The whole thing is surreal, and it’s also weirdly entertaining — and I don’t think it’s just because I’m into cats (although that certainly doesn’t hurt). Here, see for yourself.
Jeremy Brahm, Mark in Shiga, and anyone else out there who speaks and/or reads Japanese, can you enlighten us as to the finer points of what happening here?
Why did someone write “Pay this” on the back of a slip of paper nearly 70 years ago? Find out in the latest entry on the Permanent Record blog.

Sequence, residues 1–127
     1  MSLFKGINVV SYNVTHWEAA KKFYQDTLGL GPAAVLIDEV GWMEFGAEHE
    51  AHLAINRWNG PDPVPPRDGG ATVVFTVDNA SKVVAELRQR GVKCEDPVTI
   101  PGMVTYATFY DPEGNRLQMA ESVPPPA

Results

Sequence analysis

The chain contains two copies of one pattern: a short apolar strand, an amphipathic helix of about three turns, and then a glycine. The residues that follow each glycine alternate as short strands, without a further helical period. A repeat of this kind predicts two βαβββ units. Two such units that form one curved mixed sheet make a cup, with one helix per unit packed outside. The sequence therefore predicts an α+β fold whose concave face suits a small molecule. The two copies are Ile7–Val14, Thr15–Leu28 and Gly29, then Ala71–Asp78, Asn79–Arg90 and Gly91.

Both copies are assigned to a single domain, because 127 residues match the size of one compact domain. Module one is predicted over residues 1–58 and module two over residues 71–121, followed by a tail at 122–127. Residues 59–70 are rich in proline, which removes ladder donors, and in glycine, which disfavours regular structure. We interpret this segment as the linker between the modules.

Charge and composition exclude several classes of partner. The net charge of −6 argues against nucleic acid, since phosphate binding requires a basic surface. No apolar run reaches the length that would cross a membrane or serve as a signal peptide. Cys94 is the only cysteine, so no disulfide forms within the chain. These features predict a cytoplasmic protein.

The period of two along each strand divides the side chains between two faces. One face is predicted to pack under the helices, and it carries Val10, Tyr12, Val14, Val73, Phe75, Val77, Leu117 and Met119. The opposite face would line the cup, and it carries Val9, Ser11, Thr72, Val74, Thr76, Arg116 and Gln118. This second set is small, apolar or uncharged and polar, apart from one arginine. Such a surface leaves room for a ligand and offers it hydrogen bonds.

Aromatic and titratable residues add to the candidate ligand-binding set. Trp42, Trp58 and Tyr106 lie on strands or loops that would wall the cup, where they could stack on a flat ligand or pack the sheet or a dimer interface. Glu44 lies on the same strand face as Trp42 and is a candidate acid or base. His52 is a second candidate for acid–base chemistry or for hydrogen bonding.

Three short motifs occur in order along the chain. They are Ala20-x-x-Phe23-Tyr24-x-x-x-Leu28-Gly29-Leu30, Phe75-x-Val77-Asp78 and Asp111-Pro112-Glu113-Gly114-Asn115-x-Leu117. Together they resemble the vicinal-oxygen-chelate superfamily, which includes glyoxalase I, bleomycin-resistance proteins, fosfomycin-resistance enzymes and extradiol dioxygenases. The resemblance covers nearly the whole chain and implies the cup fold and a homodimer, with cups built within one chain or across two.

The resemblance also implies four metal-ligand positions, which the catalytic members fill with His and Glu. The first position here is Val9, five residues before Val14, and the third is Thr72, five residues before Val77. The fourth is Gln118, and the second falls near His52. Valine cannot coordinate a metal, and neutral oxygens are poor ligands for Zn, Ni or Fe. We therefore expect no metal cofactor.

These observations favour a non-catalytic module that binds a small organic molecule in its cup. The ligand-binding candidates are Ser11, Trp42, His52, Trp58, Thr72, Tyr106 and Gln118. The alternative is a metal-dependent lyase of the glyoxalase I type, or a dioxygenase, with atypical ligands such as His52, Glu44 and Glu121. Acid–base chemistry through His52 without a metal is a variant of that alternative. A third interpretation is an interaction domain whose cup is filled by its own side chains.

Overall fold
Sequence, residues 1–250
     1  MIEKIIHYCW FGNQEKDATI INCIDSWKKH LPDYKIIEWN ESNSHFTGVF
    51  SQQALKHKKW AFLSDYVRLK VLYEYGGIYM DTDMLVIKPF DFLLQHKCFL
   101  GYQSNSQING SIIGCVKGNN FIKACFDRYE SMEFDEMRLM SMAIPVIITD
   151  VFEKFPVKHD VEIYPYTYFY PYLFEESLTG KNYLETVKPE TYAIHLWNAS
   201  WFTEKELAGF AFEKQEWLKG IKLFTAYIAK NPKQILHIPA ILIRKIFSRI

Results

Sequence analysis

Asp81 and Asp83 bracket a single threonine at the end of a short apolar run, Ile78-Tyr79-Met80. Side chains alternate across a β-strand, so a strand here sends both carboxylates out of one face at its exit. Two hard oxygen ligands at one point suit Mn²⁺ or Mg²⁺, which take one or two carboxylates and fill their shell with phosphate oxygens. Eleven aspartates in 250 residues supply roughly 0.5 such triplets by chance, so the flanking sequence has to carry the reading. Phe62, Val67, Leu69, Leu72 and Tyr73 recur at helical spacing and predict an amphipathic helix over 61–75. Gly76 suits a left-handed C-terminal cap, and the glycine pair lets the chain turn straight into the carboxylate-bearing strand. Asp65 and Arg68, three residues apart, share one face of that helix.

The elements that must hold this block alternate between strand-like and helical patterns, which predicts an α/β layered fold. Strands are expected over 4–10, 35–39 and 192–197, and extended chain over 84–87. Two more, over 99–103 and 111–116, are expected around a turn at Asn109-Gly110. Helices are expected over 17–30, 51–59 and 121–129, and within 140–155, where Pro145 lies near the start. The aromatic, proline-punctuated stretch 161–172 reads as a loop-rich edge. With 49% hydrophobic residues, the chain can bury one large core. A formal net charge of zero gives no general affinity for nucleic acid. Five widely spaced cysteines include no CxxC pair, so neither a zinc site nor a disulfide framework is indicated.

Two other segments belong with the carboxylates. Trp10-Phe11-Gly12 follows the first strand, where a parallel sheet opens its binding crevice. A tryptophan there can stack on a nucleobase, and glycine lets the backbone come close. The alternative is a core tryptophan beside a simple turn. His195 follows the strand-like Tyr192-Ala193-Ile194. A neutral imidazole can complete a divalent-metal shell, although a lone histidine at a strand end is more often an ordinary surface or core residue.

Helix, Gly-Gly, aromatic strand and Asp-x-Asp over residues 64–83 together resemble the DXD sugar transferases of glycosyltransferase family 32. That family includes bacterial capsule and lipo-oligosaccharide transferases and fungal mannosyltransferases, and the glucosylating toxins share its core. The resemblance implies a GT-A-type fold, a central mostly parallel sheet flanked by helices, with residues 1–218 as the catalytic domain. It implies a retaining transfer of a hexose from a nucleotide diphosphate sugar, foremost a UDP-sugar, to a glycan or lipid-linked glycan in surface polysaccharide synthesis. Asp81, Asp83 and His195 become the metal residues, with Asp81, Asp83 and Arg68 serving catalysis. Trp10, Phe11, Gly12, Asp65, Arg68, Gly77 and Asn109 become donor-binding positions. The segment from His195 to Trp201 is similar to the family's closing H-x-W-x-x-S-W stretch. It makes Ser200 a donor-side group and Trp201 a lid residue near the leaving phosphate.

Uni Watch News Ticker: The Lightning have revealed their 20th-anniversary patch. “Not bad,” says John Muir, and I agree. … Maryland apparently tested out some gray football turf before deciding on green. ”¦ Tom Shieber found a 1974 Sporting News item that mentioned an Indians uniform error. … What’s the deal with the choppy number font used by the Czech Republic on Thursday? “It looks like they got a shipment of blank jerseys and had to apply the numbers with strips of white tape,” says Jim Mason. … Jim also reports that his neighbor is selling this Cleveland Browns-themed Jeep. … WVU football coach Dana Holgorsen says the team’s new gray uniforms are a recruiting thing (from Joshua Exline). … Holy moly, look at this proto-Zamboni! (Great find by Duncan Wilson.) … The Diamondbacks will wear purple for their throwback game last this season. … Note to self: If you’re gonna go on a crime spree, don’t have a team logo tattooed on your face (from Chris Flinn). … It’s nice that Roy Oswalt is back in the bigs, but would it kill him to button up? ”¦. The 49ers’ draft class went on a boat tour of San Francisco Bay the other day — and wore Reebok practice jerseys (thanks, Brinke). ”¦ New uniform for the Toledo Mud Hens (from Harlen Rife). ”¦ The Saints are auctioning off, among other things, 100 nameplates (from Russell Goutierez). ”¦ All WNBA players wore No. IX on the front of their jerseys on Saturday — but their regular numbers on the back — to celebrate the 40th anniversary of Title IX (from Scott Cummings). ”¦ “Interesting soccer uni goof from Saturday’s World Soccer Masters (Leo Messi’s charity soccer match),” writes Eric Vieira. “Not sure if Nene was a late addition to the roster or what, but his jersey was missing the sponsor and crest on the front and had some pretty piss-poor name and numbering on the back. He definitely looked out of place compared to the high-quality screening on the rest of the shirts.” ”¦ Doozy of a jersey malfunction during Saturday’s France/Spain Euro match (from Jason Heminger). ”¦ O’s and Nats played an orange-vs.-red game on Saturday ”¦ Here’s something I don’t think I’ve seen before: The outfield at Fenway has been mowed with a Northwestern stripe pattern (from Dave Rakowski). ”¦ Interesting article about the efforts by Jeremy Lin and others to trademark “Linsanity.” ”¦ Look at this super-cool 1966 Chicago Bulls stirrup (big thanks to Bruce Menard). … Pro golfer Ryo Ishikawa has been wearing something similar to an NBA shooting sleeve. “Never seen that on the tour before,” says Joshua Edney). … Royals catcher Sal Perez has a light blue helmet with a royal brim (from Brandon Foley). ”¦ New football uniforms for Eastern Michigan. ”¦ One way to avoid that annoying Nike logo creep on MLB undershirt collars: don’t wear an undershirt. That’s Mike Napoli from last night. “Also, he and Josh Hamilton were chewing on toothpicks the whole game,” says Blake Parker. ”¦ Very nice stirrups and an old-school number font for Matt Shortall of the San Luis Obispo Blues, a college summer team (from Cameron Songer). ”¦ Oooh, look at the completely awesome striped socks that Baylor women’s hoops wore back in 1972 (big thanks to Matthiew Mitchell). ”¦ Here are the Japanese Olympic uniforms for track and field and beach volleyball (from Jeremy Brahm). ”¦ Also from Jeremy: a timeline of Mizuno baseball gloves.